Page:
Five months before he would expire from lung cancer at the age of 65, animation pioneer and pop culture innovator Walter Elias Disney would take a much-needed family vacation in July of 1966. His chosen spot happened to be in my neck of the woods: a leisurely cruise from Vancouver up the coast of Vancouver Island. It would prove to be his final vacation.
Walt and his wife Lillian corralled the whole immediate family along for the voyage including daughters Diane and Sharon, sons-in-law Ron Miller and Robert Brown, as well as their seven grandchildren from six-month-old Victoria to eleven-year-old Christopher.
Walt (second from the left) and family with yacht in background.
It was a chance for the notoriously workaholic Walt to put aside studio matters and focus on some quality family time. He enjoyed playing “Captain” on the trip complete with hat as well as watching the grandchildren play in the water and explore the seaside towns and villages of the Sunshine Coast. There were celebrations as well, including granddaughter Tamara’s ninth birthday and the 41st wedding anniversary of Walt and Lillian on July 13th.
Walt and Lillian share a tender moment on their 41st year of marriage.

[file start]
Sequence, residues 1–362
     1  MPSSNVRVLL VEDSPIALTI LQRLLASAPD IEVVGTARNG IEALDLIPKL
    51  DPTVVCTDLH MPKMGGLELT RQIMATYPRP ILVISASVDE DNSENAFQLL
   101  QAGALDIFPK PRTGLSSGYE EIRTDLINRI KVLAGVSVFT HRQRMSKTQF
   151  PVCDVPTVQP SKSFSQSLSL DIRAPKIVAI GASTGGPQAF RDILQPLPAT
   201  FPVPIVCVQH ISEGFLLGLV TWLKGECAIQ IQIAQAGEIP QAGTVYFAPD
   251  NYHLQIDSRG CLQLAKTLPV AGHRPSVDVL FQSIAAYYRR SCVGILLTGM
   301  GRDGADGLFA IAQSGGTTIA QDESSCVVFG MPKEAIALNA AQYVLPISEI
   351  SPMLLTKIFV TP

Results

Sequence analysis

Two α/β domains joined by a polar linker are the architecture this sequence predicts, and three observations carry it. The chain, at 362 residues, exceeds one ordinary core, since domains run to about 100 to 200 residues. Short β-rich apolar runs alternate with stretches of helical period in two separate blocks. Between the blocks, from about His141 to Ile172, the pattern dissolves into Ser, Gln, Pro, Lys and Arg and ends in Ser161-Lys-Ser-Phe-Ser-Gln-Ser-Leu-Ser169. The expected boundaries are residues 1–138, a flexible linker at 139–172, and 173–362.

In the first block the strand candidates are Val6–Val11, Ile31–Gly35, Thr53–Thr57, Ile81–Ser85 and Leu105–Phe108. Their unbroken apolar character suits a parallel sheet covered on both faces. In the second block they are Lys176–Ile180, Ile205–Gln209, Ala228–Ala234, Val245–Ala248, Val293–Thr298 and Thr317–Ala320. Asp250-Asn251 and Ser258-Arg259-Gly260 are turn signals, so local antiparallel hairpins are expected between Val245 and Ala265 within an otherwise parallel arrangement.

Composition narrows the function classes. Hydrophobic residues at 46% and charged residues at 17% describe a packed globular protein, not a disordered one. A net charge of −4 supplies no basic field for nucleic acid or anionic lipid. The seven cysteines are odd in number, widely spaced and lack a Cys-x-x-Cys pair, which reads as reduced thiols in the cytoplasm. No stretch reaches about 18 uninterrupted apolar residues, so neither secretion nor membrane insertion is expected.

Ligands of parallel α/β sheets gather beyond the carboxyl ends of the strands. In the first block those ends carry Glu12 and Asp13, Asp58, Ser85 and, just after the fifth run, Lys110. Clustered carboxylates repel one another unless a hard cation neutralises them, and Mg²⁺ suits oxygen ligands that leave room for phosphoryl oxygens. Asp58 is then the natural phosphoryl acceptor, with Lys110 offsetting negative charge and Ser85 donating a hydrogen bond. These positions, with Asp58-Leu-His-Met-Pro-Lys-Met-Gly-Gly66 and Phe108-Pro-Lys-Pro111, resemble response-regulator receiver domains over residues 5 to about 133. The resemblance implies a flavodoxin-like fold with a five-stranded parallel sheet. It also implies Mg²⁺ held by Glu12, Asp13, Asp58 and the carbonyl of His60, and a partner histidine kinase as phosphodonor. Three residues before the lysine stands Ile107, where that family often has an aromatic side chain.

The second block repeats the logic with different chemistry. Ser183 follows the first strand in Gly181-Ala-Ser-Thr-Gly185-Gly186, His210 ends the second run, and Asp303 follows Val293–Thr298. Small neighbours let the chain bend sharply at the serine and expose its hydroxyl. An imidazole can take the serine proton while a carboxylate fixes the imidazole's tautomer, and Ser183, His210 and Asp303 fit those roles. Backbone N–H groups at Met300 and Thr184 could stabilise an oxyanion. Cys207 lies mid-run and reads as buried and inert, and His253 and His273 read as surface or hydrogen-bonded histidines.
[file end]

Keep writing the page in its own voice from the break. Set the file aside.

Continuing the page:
Still, there was no completely escaping the urge to talk shop. Son-in-law Ron was an active producer of Disney films at the time and Walt confided in him of his intention to focus his future energies on EPCOT (Experimental Prototype Community of Tomorrow), a planned city in Florida to rival his his already-built Disneyland. “He said to me, I think I need fifteen years (to) complete this project.” recalls Miller. “I’m just going to turn over the films to you people. I think you can do a good job, I have confidence in you, but I have to concentrate on EPCOT.”
Walt showed signs of ill-health during the trip, most of it attributed to an old polo injury.
Unfortunately, Walt would not live to see his grand plans (detailed in this pitch film) come to fruition as years of chain smoking finally caught up to him in a malignant tumour that would claim his life on December 15, 1966. Had he lived longer, his growing family may have enjoyed further excursions of the Vancouver kind in the year ahead. “That was fun” he remarked on the final day of the trip according to oldest daughter Diane. “We should do more things like that.”